Indian Journal of Ophthalmology

: 1974  |  Volume : 22  |  Issue : 4  |  Page : 26--27

Orbital rhabdomyosarcoma

IN Raizada, VK Pratap, TD Mishra, VK Rohatgi 
 Department of ophthalmology L. L.R.M. Medical College, Meerut, India

Correspondence Address:
I N Raizada
Department of ophthalmology L. L.R.M. Medical College, Meerut

How to cite this article:
Raizada I N, Pratap V K, Mishra T D, Rohatgi V K. Orbital rhabdomyosarcoma.Indian J Ophthalmol 1974;22:26-27

How to cite this URL:
Raizada I N, Pratap V K, Mishra T D, Rohatgi V K. Orbital rhabdomyosarcoma. Indian J Ophthalmol [serial online] 1974 [cited 2020 Apr 1 ];22:26-27
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Full Text

Rhabdomyosarcoma is a primary, highly malignant tumor of the orbit and is probably the most common in the paediatric age group. Prior to 1972, only 14 cases have been record­ed in literature by Calhoun and Reese. [1] Fifteen per cent of all rhabdomyosarcomas occur in the orbit.

The purpose of this paper is to record an interesting case of ocular rhabdomyosarcoma with some unusual features.

 Case Report

I. R. a girl aged 14 years was admitted in the ophthalmic ward with a swelling in the upper outer quadrant of the right orbit, gradually increasing in size and producing progressive painful protrusion of the right eye. Proptosis was directed down and in. She was unconsciously hit by the foot of her younger bro­ther while sleeping, 15 days prior to the onset of the swelling. Family history revealed that the elder sister had died at the age of 15 years of a similar swelling. Systemic examination revealed no features suggestive of malignancy.

Ophthalmological examination revealed that the proptosis was directed down and in. Ocular move­ments were restricted in all the meridians. Palpebral fissure was narrow, upper lid skin was hyperaemic with visible distended blood vessels. Later the skin of the upper lid got ulcerated and there was bleeding.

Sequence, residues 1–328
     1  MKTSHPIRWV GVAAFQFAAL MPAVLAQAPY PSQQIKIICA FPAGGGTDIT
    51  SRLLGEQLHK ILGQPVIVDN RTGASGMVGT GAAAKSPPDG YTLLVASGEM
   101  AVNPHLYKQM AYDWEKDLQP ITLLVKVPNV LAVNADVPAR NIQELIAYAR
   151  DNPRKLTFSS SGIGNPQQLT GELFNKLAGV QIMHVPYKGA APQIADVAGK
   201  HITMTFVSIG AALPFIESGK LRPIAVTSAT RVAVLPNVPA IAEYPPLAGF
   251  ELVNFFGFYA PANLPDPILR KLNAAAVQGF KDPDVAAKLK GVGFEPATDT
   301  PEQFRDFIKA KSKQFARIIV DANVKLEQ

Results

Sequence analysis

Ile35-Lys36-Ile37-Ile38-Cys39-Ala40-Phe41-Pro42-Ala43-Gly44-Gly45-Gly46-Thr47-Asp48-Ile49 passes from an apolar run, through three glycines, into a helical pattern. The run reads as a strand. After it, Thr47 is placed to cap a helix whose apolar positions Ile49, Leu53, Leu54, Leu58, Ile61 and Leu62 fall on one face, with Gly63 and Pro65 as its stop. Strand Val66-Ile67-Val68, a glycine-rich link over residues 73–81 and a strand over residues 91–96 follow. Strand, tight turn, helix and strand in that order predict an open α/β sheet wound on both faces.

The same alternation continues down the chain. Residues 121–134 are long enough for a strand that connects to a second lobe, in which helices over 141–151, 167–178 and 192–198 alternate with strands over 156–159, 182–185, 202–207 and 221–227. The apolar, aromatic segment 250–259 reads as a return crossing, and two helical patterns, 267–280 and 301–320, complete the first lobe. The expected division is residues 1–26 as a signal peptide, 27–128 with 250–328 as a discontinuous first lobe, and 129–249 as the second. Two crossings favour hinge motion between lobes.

A rounded firm, fixed, non-mobile and tender mass 3 cms x 3 cms was palpable under the lid in the upper and outer quadrant of the right orbit. There was no enlargement of pre-auricular glands. Conjunctiva was chemosed. Vision in right eye was counting fingers at 1/2 metre. A course of antibiotics was given and an aspiration was attempted, but was of no avail. [Figure 1],[Figure 2]

Fundus examination showed early papilloedema with shallow retinal detachment in the upper temporal quadrant without any holes.

Left eye was normal.

Radiology -Posterio-anterior4view of skull and right lateral view of orbit showed erosion of the roof of the right orbit. A soft tissue shadow was visualized over the right orbit.

Microscopic examination revealed mesenchymal blastoma with varying degrees of maturation of rhabdomyoblastic element Mesenchymal element was composed of loose myxomatous matrix. Several Faint cells were visible [Figure 3]. PTAH staining revealed prominent cross striations in the rhabdomyoblastic element. At places early cross striations could be appreciated [Figure 4].


Reese and Calhoun [1] reported that the aver­age age at which rhabdomyosarcoma occurs is 6-7 years and that the tumor is more frequent in boys than girls. Forest [3] recorded all four cases under 10 years with equal sex distribu­tion. The upper inner angle of the orbit is the commonest site.

The case in question is a female well beyond the age of 10 years (14 years) and the tumor arose in the upper outer angle of the orbit. The family history was suggestive of heredity. Instances of rhabdomyosarcoma occurring in siblings are very rare [4] . Onset of proptosis was preceded by trauma. No local or general signs of malignancy were visible.

Fundus showed early papilloedema. Calhoun and Reese have reported it only in one case out of a series of 19. Retinal detach ment is of extremely rare occurrence. Only one case has bcen reported in literature uptil now by Chandra et al [2] .


Clinico-pathological features of an embryo­nal rhabdomyosarcoma have been discussed. Elder sister of the patient also died of rhabdo­myosarcoma.


1Calhoun, F and Reese, A.B. 1942, Arch. Ophthal, 27,558.
2Chandra, Ahluwalia and Chugh, 1972, Oriental Arch. of Ophthal, 10, 84.
3Forest A. W. 1949, Arch. Ophthal, 12,198.
4Howard and Casten, Cited by David D. Donal­dson in Atlas of External diseases of the eye. Vol. II. The Mosby Company, St. Louis, 1968. p. 47.